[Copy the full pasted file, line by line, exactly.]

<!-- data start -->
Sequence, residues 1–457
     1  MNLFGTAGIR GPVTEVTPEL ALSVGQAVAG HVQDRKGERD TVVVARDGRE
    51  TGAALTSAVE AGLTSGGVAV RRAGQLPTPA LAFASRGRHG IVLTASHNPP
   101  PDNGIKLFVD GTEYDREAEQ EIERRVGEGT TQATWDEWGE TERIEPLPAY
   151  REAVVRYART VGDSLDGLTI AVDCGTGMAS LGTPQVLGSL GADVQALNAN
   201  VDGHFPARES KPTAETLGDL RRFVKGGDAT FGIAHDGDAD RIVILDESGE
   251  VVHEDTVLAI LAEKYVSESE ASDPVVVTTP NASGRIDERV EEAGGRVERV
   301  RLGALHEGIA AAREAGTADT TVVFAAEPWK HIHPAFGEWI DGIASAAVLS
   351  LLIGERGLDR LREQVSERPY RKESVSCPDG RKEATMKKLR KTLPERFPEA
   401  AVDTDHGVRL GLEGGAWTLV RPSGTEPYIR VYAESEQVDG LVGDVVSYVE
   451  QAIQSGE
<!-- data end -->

Sequence, residues 1–457
     1  MNLFGTAGIR GPVTEVTPEL ALSVGQAVAG HVQDRKGERD TVVVARDGRE
    51  TGAALTSAVE AGLTSGGVAV RRAGQLPTPA LAFASRGRHG IVLTASHNPP
   101  PDNGIKLFVD GTEYDREAEQ EIERRVGEGT TQATWDEWGE TERIEPLPAY
   151  REAVVRYART VGDSLDGLTI AVDCGTGMAS LGTPQVLGSL GADVQALNAN
   201  VDGHFPARES KPTAETLGDL RRFVKGGDAT FGIAHDGDAD RIVILDESGE
   251  VVHEDTVLAI LAEKYVSESE ASDPVVVTTP NASGRIDERV EEAGGRVERV
   301  RLGALHEGIA AAREAGTADT TVVFAAEPWK HIHPAFGEWI DGIASAAVLS
   351  LLIGERGLDR LREQVSERPY RKESVSCPDG RKEATMKKLR KTLPERFPEA
   401  AVDTDHGVRL GLEGGAWTLV RPSGTEPYIR VYAESEQVDG LVGDVVSYVE
   451  QAIQSGE